Experts from around the nation continue to speak out against laws that fail to increase public safety by targeting dogs based on their appearance vs the behavior of the dogs and their owners.
Experts, including Veterinarians, Dog Trainers, Animal Control Officers, Breeders and Humane Organizations, all universally agree that targeted public safety measures for dogs based on behavior, not breed, is most effective.
The latest official statement comes from the American Veterinary Society of Animal Behavior (AVSAB) which just unveiled a new, official statement last week.
You can read the entire 4-page report here (one full page is citations if you're looking for further reading). But here is a quick rundown:
"The AVSAB's position is that such legislation -- often called breed-specific legislation (BSL) - is ineffective, and can lead to a false sense of community safety as well as welfare concerns for dogs identified (often incorretly) as belonging to specific breeds.
The importance of reduction of dog bites is critical, however, the AVSAB's view is that matching pet dogs to appropriate households, adequate early socialization and appropriate training, and owner and community education are the most effective in preventing dog bites. Therefore, the AVSAB does support appropriate legislation regarding dangerous dogs, provideed that is education-based and not breed-specific."
The paper then goes into different sections, including facts about dog bite and laying out the scope of the problem with dog bites -- that while the problem is small, the AVSAB does support efforts to reduce this number.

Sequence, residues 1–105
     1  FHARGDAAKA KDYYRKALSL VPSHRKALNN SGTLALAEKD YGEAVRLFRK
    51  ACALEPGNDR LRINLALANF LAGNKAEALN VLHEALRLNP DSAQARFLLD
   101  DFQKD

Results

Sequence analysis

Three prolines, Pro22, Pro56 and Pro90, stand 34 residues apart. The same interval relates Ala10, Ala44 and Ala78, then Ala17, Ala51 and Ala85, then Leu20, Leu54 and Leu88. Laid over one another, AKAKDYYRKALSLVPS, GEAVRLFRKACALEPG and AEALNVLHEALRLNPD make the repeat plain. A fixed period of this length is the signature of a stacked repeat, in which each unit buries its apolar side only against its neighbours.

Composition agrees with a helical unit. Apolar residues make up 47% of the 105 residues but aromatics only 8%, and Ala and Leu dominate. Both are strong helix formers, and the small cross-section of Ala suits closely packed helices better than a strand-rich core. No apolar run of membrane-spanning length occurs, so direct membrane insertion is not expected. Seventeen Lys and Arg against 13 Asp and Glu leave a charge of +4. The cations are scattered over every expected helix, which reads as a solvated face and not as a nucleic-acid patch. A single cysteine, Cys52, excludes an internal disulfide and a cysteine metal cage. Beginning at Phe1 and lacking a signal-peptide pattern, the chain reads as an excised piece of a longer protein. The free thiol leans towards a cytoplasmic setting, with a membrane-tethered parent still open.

The article then defines breed-specific legislation - -calling out everything from breed bans to restrictions based on breed (of local interest, Kansas City, MO gets mentioned for it's breed-specific spay/neuter law).
The article then discusses: which breeds bites and many of the studies on breed-misidentification.
Then, there is a great section discussing "Why do dogs bite?" Because this comes from a group of behavior-focused vets, this part is particularly interesting.
"Aggression is a context-dependent behavior as associated with many different motivations (ie defensive, learned, fearful or territorial). Most dogs that show aggression do so to eliminate a perceived threat, either to their safety or to the possession of a resource...
"An appropriate understanding of canine signaling, or body language, can help both owners and potential victims predict the immediate interaction of a dog and take action to prevent a bite. Responsible breeding and puppy-raising play an important role in preventing aggressive behaviors, irrespective of breed or mix. Appropriate socialization and managing early onset of fears in young puppies can minimize the risk for future undesired behaviors and fears...
"Family dogs develop positive associations with humans through daily interactions, socialization and training. Dogs restricted from such interactions may be termed 'resident dogs.' Resident dogs have an owner, but spend most of their lives isolated, even abused by modern American standards. These dogs may be fenced or chained away from peopel and normal interactions, or simply ignored and don't benefit from early training. As a result, resident dogs may be more likely to express aggressiong and also perhaps other anxietys since fear of people, fear of other animals and fear of novel situations are among the most common explanations for aggression in dogs...."
The article then goes on to explore successful models using ideas from Chicago, Nevada and Calgary.
Overall, it's a very well-researched report that again ads further depth to the group of experts that oppose laws targeting specific breeds of dogs and instead favor breed-neutral laws. The trend toward this is very evident throughout the US, and will no-doubt continue.
The final reco in the paper invites readers to share the paper. Which I'm doing. I hope you will do the same.